December 9 2019 - Last month, we received an email at our firstname.lastname@example.org address offering to help us with our password strength. We get lots of emails, some spam, some not, but most require a little investigation before we decide to engage or not. Any guesses as to whether this email was benign or malicious? It was interesting enough that I plan to talk about it in the next blog post. But regardless of their intentions, it did get me thinking about password security, and I thought I would post a few friendly reminders
First of all, even though you want to make sure that your password is sufficiently strong, be careful with any online password strength meter. I’m not talking about the password strength meters that show up when you are signing up for a service – most of those are client side (meaning your password isn’t sent over the network to be checked) and just give you an indication based on some well-known rules. I’m talking about the ones that are more like “send us your password and we will score it for you”… these are more likely to be password collection schemes.
Next, many password best practices advise replacing letters with symbols based on some mapping. This is typically called leet speak, originally created to escape keyword searches; i.e. “leet” -> “1337”. Although it is good to include symbols, many password cracking tools know these mappings so it doesn’t make it any more difficult for them to guess your password. Using p@ssword instead of password provides a false sense of security. Here are a few quick tips that increase password security:
- Include randomness! The word we use for randomness in the cryptography world is entropy and the better your password’s entropy, the less likely it is to be easily guessable. For example, the words “talk”, “brick”, “ice”, and “lamb” are pretty random – there isn’t an obvious relationship between them. However, the words “I”, “like”, “to”, “paint”, have drastically less entropy. Essentially, if you use a pattern to come up with your password, even an acronym of a sentence, an attacker could use a similar pattern to guess it.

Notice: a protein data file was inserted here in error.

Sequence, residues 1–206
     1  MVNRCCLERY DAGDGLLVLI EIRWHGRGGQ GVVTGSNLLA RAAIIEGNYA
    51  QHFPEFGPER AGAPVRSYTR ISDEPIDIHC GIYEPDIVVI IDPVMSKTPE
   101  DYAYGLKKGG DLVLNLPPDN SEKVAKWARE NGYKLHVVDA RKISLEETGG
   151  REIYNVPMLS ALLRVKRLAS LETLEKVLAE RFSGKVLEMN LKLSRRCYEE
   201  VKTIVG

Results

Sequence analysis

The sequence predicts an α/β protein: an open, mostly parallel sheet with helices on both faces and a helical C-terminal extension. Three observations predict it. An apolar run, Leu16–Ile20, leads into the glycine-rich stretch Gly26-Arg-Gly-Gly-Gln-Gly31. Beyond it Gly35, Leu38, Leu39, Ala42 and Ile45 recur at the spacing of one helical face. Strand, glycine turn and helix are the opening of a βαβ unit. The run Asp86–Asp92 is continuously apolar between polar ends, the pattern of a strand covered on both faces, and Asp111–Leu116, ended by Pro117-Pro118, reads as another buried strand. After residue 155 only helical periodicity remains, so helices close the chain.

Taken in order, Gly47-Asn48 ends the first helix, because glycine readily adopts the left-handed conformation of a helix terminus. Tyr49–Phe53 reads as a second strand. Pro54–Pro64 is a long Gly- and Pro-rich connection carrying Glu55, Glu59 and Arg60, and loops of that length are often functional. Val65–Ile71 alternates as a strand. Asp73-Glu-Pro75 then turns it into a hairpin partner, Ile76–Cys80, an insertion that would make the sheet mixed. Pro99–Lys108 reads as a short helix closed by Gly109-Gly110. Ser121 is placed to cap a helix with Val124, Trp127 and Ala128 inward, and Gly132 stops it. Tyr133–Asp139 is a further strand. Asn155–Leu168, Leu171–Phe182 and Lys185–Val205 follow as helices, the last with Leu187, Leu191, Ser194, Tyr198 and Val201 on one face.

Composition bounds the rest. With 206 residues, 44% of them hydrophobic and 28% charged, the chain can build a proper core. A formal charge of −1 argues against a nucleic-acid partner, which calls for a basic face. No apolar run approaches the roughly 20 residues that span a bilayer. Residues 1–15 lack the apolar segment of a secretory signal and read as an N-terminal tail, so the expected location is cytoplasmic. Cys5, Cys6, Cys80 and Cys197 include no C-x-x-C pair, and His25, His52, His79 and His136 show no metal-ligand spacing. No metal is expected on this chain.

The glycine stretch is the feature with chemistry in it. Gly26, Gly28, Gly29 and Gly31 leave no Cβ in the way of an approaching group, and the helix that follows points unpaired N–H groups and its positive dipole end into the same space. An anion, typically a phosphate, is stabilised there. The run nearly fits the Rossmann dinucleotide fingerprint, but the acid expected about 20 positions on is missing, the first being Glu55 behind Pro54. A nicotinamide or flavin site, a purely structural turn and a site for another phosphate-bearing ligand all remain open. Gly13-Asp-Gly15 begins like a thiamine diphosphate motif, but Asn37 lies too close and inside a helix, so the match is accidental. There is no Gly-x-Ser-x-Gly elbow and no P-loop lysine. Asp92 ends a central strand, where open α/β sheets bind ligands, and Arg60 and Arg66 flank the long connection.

- Don’t reuse passwords! When adversaries are able to retrieve passwords (be it from a poorly protected database, brute-force, or another method) they are able to test these known passwords against other targets. If you reuse passwords, this could leave you more vulnerable.
- Make sure your passwords are sufficiently long. In general, the shorter your password is, the easier it is to guess. Think about how long it would take someone to try all possible combinations of a 4-digit PIN vs. the time it would take to try all possible values of a 12 character alphanumeric passcode… 4 digits 0-9 would take way less time to guess than 12 characters A-Z and 0-9!
As it turns out, a good password manager can help with all three of these. My personal favorite is Dashlane, but there are other reputable password managers and you should pick whichever one you like best, so you’ll be more likely to use it! The point is to reduce the reuse of the same password by storing your various passwords somewhere secure.
Whichever one you choose, be sure to pick a password manager that has a password generator as well. These password generators will typically generate a password with a certain amount of entropy based on guidelines you give (like number of characters, use of symbols, etc.).
To sum up: good randomness, minimal reuse, and sufficient length are best-practice for passwords. Remember, a trusted password manager can help you keep track of your strong passwords!